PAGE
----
After reading this article you will learn about the meaning and sources of power of superiors in an organisation.

Meaning of Power:

While authority is the right of a person to give directions, power is the ability to do so. Power does not depend upon a person’s position in the organisation. It is derived from his control over resources of the organisation. For any organisation to effectively achieve its objectives, formal authority should be supplemented by informal system of power.

Power is a broader concept which provides basis for authority and influences the behaviour of others. Power is the ability to exert influence over others if he has knowledge or skills superior to those possessed by others. When a person is able to change the behaviour of others, he is said to possess power.

Authority is a type of power which superiors enjoy by virtue of their position in the organisation. When a person has right to change the behaviour of subordinates, he exercises authority but if he is able to do so, he has power over them.

Sources of Power:


Managers exercise power by virtue of their position in the organisational hierarchy and also their personal virtues. While legitimate, coercive and reward power are related to position of a person, other forms of power relate to their personal characteristics.

The various sources from where they derive power are as follows:

1. Legitimate power:

The power derived from formal position in the organisational hierarchy is legitimate power. Legitimate power is the basis of classical theory of authority. Top managers issue directions to subordinates with respect to various policies and rules because of their position in the organisational hierarchy. This authority can be delegated to various positions in the scalar chain. The superior-subordinate relationship is the basis for subordinates to obey the directions of superiors.


2. Reward power:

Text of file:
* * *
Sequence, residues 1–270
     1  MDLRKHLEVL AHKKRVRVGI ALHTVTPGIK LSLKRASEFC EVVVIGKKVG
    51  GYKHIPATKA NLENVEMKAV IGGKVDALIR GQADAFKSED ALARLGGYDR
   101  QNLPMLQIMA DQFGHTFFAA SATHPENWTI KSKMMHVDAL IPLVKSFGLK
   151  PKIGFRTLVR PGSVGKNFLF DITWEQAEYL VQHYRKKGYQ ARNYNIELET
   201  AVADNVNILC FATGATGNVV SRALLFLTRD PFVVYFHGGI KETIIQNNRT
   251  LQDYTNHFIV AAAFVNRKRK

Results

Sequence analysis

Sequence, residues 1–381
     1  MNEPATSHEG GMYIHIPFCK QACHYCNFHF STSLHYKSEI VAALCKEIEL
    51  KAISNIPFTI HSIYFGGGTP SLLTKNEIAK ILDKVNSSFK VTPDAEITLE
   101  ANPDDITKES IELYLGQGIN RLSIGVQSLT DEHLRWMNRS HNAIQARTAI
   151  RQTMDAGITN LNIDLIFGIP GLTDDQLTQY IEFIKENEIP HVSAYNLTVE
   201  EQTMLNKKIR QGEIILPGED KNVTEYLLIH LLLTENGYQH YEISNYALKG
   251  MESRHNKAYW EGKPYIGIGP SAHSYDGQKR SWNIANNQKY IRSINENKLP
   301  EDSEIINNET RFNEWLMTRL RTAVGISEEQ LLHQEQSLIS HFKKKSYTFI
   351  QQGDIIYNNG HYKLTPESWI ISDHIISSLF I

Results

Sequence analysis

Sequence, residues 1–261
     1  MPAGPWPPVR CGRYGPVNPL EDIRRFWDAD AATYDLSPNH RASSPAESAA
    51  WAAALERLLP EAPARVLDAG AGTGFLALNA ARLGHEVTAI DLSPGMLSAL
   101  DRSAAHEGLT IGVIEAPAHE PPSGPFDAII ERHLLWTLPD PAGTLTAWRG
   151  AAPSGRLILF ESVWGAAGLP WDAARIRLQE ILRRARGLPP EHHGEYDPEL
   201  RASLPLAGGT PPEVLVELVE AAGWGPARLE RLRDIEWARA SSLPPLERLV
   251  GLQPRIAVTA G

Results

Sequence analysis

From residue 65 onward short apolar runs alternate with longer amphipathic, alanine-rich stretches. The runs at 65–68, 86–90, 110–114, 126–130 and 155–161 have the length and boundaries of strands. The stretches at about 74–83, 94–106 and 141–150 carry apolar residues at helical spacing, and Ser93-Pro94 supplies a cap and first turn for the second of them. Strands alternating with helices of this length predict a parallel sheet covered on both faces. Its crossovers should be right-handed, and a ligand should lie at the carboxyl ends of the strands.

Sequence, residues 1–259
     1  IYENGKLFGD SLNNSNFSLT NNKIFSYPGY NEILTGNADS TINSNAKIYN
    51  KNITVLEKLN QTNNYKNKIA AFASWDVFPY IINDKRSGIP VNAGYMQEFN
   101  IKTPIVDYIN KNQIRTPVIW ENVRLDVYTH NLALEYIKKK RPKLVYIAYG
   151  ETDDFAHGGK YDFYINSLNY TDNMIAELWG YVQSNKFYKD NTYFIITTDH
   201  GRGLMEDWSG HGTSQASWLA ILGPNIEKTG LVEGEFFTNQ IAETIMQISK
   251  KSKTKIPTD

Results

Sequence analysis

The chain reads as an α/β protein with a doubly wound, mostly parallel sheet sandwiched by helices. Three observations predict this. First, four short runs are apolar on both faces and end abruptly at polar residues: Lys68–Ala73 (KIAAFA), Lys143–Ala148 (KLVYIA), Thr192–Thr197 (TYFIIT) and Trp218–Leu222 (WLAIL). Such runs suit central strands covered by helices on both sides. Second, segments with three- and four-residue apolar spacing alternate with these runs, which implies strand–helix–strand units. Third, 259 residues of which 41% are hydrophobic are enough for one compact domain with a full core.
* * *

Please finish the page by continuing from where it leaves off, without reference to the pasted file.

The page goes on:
The superiors demand compliance to orders by offering rewards. The power is based on control over resources (material and non-material). The rewards may be in the form of promotions, recognition or financial benefits. Rewards are more often used as forces that reinforce positive behaviour of subordinates rather than forces that get them to comply with orders.

3. Coercive power:

It is the opposite of reward power. Compliance is demanded through punishments. The fear of being punished makes subordinates obey the superiors. The punishment can be in the form of deducting salary or withholding promotions. Coercive power is more often used for maintaining the standard of performance than promoting it.


4. Expert power:

This power is enjoyed by virtue of the knowledge, skill, competence and expertise of the people specialised in their area of interest. The competence theory of authority derives its base from expert power. If production manager has specialised skills in marketing, he will have expert power to influence the people of marketing department. This power relates to personal characteristics of the power holder.

5. Referent power:

Some people have charismatic personality and influence the behaviour of others. They influence people because of their personality or experience. Workers may approach the union leader or oldest worker of the union to get their problems solved. Such power is referent power.


It is the power of identification. Some people want to be identified with another person whom they consider as their ideal. They adopt their personality characteristics and try to behave like them. This power also relates to personal characteristics of the power holder as the followers want to copy his behaviour and internalise his personality.

6. Connection power:

It is the power of connection with influential people. People follow a leader who has contacts with people of high social and economic status. This is to elicit favours out of such persons, if the need be. The sources of power are not independent of each other.

A person does not have only one source of power at one point of time. He has a combination of power derived from different sources. They are related and can be possessed by the same person in varying degrees.


If a person has one source of power, it may also lead to possess another source of power:

a. A person who has legitimate power also has the coercive and reward power. As legitimacy is derived from position, the power holder can offer rewards for compliance and threats for non-compliance to orders.

b. People with expert power have the wealth of knowledge. Their competence makes them eligible for promotions at higher positions, where they derive legitimate, coercive and reward power over the members. Excessive use of coercive power reduces a person’s referent power. People do not like to identify with a leader who makes use of negative forces of compliance. However, people with high referent power also assume high expert power over a period of time.